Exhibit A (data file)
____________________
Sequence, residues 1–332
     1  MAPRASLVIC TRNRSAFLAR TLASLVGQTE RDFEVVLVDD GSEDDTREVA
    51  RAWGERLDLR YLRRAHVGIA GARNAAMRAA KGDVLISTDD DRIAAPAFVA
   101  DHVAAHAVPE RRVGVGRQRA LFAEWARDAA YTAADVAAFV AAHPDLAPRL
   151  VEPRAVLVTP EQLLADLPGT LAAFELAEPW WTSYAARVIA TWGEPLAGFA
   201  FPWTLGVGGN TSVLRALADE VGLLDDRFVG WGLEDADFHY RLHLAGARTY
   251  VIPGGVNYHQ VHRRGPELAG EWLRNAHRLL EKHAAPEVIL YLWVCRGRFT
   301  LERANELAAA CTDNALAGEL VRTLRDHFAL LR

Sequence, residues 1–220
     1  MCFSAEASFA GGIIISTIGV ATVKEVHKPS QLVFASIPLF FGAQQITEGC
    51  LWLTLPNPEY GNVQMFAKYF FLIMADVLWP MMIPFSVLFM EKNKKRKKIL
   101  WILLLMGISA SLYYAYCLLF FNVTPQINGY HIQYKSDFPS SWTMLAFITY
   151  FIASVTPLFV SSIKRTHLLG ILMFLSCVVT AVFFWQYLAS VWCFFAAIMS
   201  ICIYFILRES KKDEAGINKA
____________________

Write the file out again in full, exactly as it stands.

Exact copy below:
Sequence, residues 1–332
     1  MAPRASLVIC TRNRSAFLAR TLASLVGQTE RDFEVVLVDD GSEDDTREVA
    51  RAWGERLDLR YLRRAHVGIA GARNAAMRAA KGDVLISTDD DRIAAPAFVA
   101  DHVAAHAVPE RRVGVGRQRA LFAEWARDAA YTAADVAAFV AAHPDLAPRL
   151  VEPRAVLVTP EQLLADLPGT LAAFELAEPW WTSYAARVIA TWGEPLAGFA
   201  FPWTLGVGGN TSVLRALADE VGLLDDRFVG WGLEDADFHY RLHLAGARTY
   251  VIPGGVNYHQ VHRRGPELAG EWLRNAHRLL EKHAAPEVIL YLWVCRGRFT
   301  LERANELAAA CTDNALAGEL VRTLRDHFAL LR

Sequence, residues 1–220
     1  MCFSAEASFA GGIIISTIGV ATVKEVHKPS QLVFASIPLF FGAQQITEGC
    51  LWLTLPNPEY GNVQMFAKYF FLIMADVLWP MMIPFSVLFM EKNKKRKKIL
   101  WILLLMGISA SLYYAYCLLF FNVTPQINGY HIQYKSDFPS SWTMLAFITY
   151  FIASVTPLFV SSIKRTHLLG ILMFLSCVVT AVFFWQYLAS VWCFFAAIMS
   201  ICIYFILRES KKDEAGINKA